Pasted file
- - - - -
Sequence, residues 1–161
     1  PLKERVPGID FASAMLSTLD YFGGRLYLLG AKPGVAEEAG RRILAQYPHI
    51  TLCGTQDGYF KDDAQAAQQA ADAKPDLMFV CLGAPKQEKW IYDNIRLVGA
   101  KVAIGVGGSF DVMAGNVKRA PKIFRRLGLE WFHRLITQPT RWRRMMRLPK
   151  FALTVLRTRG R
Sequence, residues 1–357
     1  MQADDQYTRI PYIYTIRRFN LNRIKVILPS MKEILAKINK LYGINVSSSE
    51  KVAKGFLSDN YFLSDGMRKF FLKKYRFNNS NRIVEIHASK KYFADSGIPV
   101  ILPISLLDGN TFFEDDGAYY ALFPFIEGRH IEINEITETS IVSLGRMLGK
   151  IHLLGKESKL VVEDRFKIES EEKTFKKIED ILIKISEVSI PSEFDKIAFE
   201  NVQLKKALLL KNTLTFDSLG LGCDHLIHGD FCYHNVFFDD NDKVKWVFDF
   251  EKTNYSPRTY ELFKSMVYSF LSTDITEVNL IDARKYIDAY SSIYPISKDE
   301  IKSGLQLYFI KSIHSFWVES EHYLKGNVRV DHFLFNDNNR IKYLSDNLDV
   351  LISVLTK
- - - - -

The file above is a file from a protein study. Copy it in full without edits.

Sequence, residues 1–161
     1  PLKERVPGID FASAMLSTLD YFGGRLYLLG AKPGVAEEAG RRILAQYPHI
    51  TLCGTQDGYF KDDAQAAQQA ADAKPDLMFV CLGAPKQEKW IYDNIRLVGA
   101  KVAIGVGGSF DVMAGNVKRA PKIFRRLGLE WFHRLITQPT RWRRMMRLPK
   151  FALTVLRTRG R
Sequence, residues 1–357
     1  MQADDQYTRI PYIYTIRRFN LNRIKVILPS MKEILAKINK LYGINVSSSE
    51  KVAKGFLSDN YFLSDGMRKF FLKKYRFNNS NRIVEIHASK KYFADSGIPV
   101  ILPISLLDGN TFFEDDGAYY ALFPFIEGRH IEINEITETS IVSLGRMLGK
   151  IHLLGKESKL VVEDRFKIES EEKTFKKIED ILIKISEVSI PSEFDKIAFE
   201  NVQLKKALLL KNTLTFDSLG LGCDHLIHGD FCYHNVFFDD NDKVKWVFDF
   251  EKTNYSPRTY ELFKSMVYSF LSTDITEVNL IDARKYIDAY SSIYPISKDE
   301  IKSGLQLYFI KSIHSFWVES EHYLKGNVRV DHFLFNDNNR IKYLSDNLDV
   351  LISVLTK